Putting the Final Puzzle Pieces Together

So, you’ve grouped your matches, you have dozens of floating branches, you know the surnames and small towns of your matches’ ancestors off by heart…. What’s the next step?

Connecting Shared Match Groups

You are aiming to find places where two Shared Match Groups connect – ie, where someone from one Shared Match Group meets someone from a different Shared Match Group and this couple have children. 

One of their children could be your Direct Line Ancestor, bringing your search forward by a generation.

The pattern of couples from different Shared Match Groups meeting and having children should keep repeating itself, joining the Floating Branches within your tree together like sections of a jigsaw:

In theory, this is entirely logical and straightforward.  In reality, it can be rather more difficult to spot the connections!

  • If your ancestors left you a good paper-trail to follow, with records documenting marriages and births, it can “just” be a case of working through all the possibilities until you identify the connections. 
  • If there are multiple marriages, adoptions, misattributed parents or not enough records to work with, these final stages can be very frustrating.
  • Even when you reach the point where you have identified your potential Grandparents, it can be difficult to work out which of their children is your birth-parent. 

Finding the next connection

Once you have found a connection between two Shared Match Groups (like Bob and Mary in the example above) you need to work out which of their children is going to move you forward a generation:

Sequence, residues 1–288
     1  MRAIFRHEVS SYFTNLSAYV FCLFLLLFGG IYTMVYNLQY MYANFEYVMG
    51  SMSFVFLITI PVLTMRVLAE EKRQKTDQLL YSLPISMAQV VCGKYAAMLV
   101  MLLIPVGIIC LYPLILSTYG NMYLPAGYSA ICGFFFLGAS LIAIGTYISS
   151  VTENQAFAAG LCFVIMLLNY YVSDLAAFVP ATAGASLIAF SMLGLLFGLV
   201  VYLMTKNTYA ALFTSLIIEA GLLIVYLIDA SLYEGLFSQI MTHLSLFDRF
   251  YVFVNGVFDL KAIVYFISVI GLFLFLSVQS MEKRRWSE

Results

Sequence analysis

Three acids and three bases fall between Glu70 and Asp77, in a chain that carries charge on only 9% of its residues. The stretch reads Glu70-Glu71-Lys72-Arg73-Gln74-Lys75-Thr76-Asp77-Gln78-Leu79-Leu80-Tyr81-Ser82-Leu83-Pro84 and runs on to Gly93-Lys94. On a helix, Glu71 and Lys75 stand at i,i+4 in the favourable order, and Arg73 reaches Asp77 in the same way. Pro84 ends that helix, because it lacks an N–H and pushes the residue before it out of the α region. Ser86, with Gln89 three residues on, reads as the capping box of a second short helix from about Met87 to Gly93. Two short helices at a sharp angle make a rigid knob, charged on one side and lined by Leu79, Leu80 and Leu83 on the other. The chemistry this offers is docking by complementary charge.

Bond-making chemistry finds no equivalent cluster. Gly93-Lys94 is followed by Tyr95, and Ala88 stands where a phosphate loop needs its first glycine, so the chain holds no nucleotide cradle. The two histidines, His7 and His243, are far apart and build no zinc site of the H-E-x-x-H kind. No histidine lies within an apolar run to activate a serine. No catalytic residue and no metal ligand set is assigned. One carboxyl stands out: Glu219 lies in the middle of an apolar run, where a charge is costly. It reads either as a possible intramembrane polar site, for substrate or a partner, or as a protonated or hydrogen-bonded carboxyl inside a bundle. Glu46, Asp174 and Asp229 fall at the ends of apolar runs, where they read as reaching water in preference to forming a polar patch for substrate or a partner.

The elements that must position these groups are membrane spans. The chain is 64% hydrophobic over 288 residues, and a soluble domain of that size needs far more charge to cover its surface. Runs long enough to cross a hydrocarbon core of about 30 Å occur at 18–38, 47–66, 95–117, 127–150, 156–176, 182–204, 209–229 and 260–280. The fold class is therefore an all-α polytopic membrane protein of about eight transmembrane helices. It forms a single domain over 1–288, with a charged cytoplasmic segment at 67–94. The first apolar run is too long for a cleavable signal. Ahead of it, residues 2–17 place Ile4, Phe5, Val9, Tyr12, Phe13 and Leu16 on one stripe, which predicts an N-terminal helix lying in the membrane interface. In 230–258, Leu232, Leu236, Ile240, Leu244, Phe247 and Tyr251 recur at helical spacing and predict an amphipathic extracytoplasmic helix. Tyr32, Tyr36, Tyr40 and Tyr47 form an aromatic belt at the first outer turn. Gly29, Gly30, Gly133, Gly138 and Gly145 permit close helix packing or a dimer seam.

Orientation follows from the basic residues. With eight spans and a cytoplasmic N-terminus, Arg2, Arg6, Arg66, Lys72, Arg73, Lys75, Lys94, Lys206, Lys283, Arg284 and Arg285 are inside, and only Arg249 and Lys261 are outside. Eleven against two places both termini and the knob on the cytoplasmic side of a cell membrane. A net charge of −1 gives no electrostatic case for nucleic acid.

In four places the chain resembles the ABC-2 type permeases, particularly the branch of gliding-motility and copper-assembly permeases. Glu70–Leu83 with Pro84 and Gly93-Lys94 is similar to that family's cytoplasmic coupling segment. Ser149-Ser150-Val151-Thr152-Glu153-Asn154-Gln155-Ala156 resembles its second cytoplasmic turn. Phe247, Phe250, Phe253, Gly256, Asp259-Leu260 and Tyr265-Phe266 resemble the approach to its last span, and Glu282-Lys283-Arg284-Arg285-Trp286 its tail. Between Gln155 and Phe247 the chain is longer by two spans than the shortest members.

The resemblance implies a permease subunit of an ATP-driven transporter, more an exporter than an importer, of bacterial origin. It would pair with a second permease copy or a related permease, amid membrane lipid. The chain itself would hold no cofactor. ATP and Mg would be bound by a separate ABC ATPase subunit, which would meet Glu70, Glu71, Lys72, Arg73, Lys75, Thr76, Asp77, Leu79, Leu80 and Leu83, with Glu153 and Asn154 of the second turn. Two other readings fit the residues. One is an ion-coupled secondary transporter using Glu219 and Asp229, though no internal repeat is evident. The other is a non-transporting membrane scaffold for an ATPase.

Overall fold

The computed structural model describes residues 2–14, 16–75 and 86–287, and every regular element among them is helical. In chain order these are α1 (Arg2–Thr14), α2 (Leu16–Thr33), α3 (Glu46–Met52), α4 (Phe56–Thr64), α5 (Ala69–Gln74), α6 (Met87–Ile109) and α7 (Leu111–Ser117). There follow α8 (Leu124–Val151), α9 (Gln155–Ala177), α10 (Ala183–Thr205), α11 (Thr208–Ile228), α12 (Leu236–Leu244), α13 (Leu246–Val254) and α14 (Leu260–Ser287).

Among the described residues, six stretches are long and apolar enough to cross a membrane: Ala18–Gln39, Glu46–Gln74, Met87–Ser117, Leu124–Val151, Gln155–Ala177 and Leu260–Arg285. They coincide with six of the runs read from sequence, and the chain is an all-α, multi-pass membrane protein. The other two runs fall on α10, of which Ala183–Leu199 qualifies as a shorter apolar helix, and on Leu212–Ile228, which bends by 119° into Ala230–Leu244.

• Identify all the couple’s children
  • Can you rule out any of the children – some may have died too young to have children of their own?
  • Identify all the spouses of the children
  • Do you recognise any of the spouses’ surnames from your research on other Shared Match Groups? 
  • If you don’t instantly recognise any spouse surnames, try adding the parents and grandparents for each spouse – does this generate any familiar surnames?  Try searching for these surnames within your DNA Match list to see if they occur repeatedly within a different Shared Match Group.
  • If you still can’t find a connection, try looking at locations – did one of the children live in the same area as families in another Shared Match Group? 
  • It is worth keeping an eye out for double-marriages between families.  In the example above, Bob has married Mary.  What if Bob had a brother or sister who married Mary’s sibling?  The children from both couples would have the same “mix” of DNA, so you would need to research all these children/their spouses to find the next connection.

If you are dealing with families where there were a dozen children born over a twenty-year period, this task can be very time-consuming.  Remember to take a break! 

Where do you belong within your Research Tree?

Eventually, you should be looking at a time-period where your grandparents or parents could be among the people listed within your Research Tree.

Every search is different, so there is no one-size-fits-all approach to identifying your closest relatives, but concentrating on the recent generations within your tree: